Battle among Republicans over Mitt Romney as possible secretary of state

Former Massachusetts Governor Mitt Romney speaks to members of the media after their meeting with US President-elect Donald Trump at the main clubhouse at Trump National Golf Club in Bedminster.
Former Massachusetts Governor Mitt Romney speaks to members of the media after their meeting with US President-elect Donald Trump at the main clubhouse at Trump National Golf Club in Bedminster.PHOTO: REUTERS

PALM BEACH, United States (AFP) - As families across a bitterly divided America gathered for Thanksgiving Day, a battle erupted in President-elect Donald Trump's camp over his pick for secretary of state, with loyalists seeking to block the path of Mr Mitt Romney, a fierce former critic of the billionaire.

With the president-elect hunkered down at his Mar-a-Lago resort in Florida for the long holiday weekend - from where he urged the country to unite after a "painful" campaign - his team appears split over the leading prospect of making Mr Romney, the Republican presidential candidate in 2012, America's top diplomat.

Some of Mr Trump's staunchest supporters have united to oppose the nomination of a man who called the real estate magnate a "fraud" and a "conman" during the campaign, when he helped lead the Republican Party establishment's drive to sideline him.

But the other leading choice for top diplomat, former New York mayor Rudy Giuliani - one of Mr Trump's loudest supporters from early in his campaign - has drawn scrutiny for his business dealings that could pose conflicts of interest.

"I am working hard, even on Thanksgiving," Mr Trump tweeted on Thursday (Nov 24), saying he was seeking to persuade an Indiana air-conditioning company, Carrier Corp, to remain in the United States.

But his transition team said there will be no new cabinet announcements until at least Friday, when he will continue meeting candidates and is expected to announce more positions for top loyalists.

Despite his lack of experience in foreign policy, Mr Giuliani, 72, has openly lobbied for secretary of state, telling Mr Trump's advisers he is interested in no other position, The New York Times reported, citing people briefed on the discussions.

However, the outspoken former mayor's candidacy has drawn attention to his business dealings with foreign governments that may rule him out.

Picking Mr Romney - beaten in the 2012 White House race by Mr Barack Obama - would reassure the Republican Party establishment and US allies worried about Mr Trump's foreign policy.

But the businessman and former Massachusetts governor who savaged Mr Trump's candidacy during the campaign also publicly differs from him on Russia, a leading foreign policy challenge.

While the president-elect has praised President Vladimir Putin, promising to improve strained relations with Moscow, Mr Romney has called Russia America's "number-one geopolitical foe."

Trump aide Kellyanne Conway - seen as especially close to the president-elect - cast further doubt on his suitability on Thursday in what appeared to be a bad sign for Mr Romney.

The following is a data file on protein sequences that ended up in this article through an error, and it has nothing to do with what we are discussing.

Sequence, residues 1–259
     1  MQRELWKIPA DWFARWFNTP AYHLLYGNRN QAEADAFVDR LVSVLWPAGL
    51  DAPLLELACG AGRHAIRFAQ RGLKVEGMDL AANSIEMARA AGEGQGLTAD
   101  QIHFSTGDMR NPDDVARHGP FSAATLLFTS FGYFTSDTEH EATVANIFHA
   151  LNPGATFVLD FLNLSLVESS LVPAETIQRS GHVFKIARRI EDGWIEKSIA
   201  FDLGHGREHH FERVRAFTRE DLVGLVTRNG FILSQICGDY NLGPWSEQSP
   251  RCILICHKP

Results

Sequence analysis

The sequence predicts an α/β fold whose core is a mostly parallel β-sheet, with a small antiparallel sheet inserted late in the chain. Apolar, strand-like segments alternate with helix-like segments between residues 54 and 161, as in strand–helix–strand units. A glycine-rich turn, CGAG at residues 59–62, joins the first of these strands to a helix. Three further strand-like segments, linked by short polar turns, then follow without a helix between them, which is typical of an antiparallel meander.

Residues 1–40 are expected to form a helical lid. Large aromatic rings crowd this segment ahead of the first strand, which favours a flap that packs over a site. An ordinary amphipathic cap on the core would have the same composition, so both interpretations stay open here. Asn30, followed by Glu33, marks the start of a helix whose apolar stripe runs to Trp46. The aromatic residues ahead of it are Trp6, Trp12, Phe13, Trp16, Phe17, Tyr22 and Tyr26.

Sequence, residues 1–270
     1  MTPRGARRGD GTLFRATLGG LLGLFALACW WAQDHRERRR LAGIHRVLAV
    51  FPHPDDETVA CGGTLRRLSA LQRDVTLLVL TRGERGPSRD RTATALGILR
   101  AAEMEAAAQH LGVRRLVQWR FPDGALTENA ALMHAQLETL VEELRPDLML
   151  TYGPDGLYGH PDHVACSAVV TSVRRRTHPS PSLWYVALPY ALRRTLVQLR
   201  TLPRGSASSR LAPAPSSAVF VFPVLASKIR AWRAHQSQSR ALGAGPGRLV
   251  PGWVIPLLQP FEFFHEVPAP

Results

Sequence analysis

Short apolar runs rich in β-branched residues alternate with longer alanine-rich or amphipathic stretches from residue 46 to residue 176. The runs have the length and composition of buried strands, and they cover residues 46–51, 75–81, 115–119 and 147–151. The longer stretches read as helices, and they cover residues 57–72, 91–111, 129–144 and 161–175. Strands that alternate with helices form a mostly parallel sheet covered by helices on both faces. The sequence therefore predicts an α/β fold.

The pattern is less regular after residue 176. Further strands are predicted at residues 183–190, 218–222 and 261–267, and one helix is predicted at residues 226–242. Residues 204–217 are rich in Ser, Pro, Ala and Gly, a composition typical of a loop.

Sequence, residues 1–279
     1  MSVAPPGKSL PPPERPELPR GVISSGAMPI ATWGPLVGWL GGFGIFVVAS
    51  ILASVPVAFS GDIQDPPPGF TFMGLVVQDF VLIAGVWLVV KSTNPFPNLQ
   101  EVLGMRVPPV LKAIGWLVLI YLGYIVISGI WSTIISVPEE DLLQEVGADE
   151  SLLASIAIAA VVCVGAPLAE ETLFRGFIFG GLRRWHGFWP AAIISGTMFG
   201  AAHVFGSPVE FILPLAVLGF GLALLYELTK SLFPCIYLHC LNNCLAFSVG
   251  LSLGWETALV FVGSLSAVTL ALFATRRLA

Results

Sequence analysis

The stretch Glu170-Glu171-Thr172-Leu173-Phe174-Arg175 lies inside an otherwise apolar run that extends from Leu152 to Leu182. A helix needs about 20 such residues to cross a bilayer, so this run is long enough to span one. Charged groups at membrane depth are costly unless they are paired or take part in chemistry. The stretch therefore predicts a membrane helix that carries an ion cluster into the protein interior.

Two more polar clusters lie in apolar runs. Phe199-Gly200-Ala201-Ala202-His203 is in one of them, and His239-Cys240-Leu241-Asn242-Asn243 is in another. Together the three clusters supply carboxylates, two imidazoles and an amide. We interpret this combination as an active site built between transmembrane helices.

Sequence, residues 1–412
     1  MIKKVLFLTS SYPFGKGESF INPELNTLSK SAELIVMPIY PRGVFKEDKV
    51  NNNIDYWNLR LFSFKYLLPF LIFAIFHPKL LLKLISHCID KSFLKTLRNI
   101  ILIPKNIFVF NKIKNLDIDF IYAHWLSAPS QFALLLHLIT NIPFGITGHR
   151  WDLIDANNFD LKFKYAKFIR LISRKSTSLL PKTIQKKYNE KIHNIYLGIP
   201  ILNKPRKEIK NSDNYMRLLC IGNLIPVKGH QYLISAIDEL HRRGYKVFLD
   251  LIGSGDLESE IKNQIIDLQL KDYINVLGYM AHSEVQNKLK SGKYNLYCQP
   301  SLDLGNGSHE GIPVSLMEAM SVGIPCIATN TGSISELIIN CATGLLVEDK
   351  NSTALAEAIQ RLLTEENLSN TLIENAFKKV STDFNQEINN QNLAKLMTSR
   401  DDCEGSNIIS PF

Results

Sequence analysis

"Receiving deluge of social media & private comms re: Romney," she tweeted. "Some Trump loyalists warn against Romney as sec of state."

Among them, former House speaker Newt Gingrich, another staunch Trump supporter, expressed skepticism that Mr Romney would represent "the kind of tough-minded, America-first policies that Trump has campaigned on."

"I can think of 20 other people who would be more naturally compatible with the Trump vision of foreign policy," he told Fox News on Wednesday.

Mr Gingrich was joined by former Arkansas governor Mike Huckabee, who told Fox News he is "still very unhappy that Mitt did everything he could to derail Donald Trump." .

Mr Trump has so far nominated mainly older white men to his future cabinet, representing tough, right-wing lines on immigration, Islamic extremism and other issues. They include Mr Jeff Sessions as attorney general, Lt-Gen Michael Flynn as defence secretary and Mr Stephen Bannon as chief of staff.

Mr Trump moved to broaden his cabinet's base on Wednesday, nominating two women, including South Carolina Governor Nikki Haley - whose parents are Sikh immigrants from India - as US ambassador to the United Nations.

Ms Haley is a Tea Party conservative with no foreign policy experience, while Mr Trump's choice of billionaire Betsy DeVos - a fierce advocate of alternatives to local public schooling - for education represents another victory for social conservatives.

Mr Trump is widely expected to name the tough-talking retired Marine Corps general James "Mad Dog" Mattis as defence secretary on Friday.

Mr Trump is also expected to pick his former primary rival Ben Carson - an African American former neurosurgeon and religious conservative - as secretary of housing and urban development.

Mr Steve Mnuchin, a former Goldman Sachs banker, is tipped for Treasury secretary.

With Americans still coming to terms with Mr Trump's shock win on Nov 8, the former Green Party candidate Jill Stein announced on Thursday that her party has raised the necessary US$1.1 million (S$1.6 million) to request a vote recount in the key battleground of Wisconsin, and plans to seek one in two other Rust Belt states.

The request comes amid mounting pressure from liberals to challenge the results of the election, which was marked by fears of foreign hacking and - from the Trump camp - of vote rigging.

Although it is not expected to change the outcome, the recount demands could reignite debate over the legitimacy of Mr Trump's election, already fuelled by Mrs Hillary Clinton's lead in the popular vote which now stands at two million.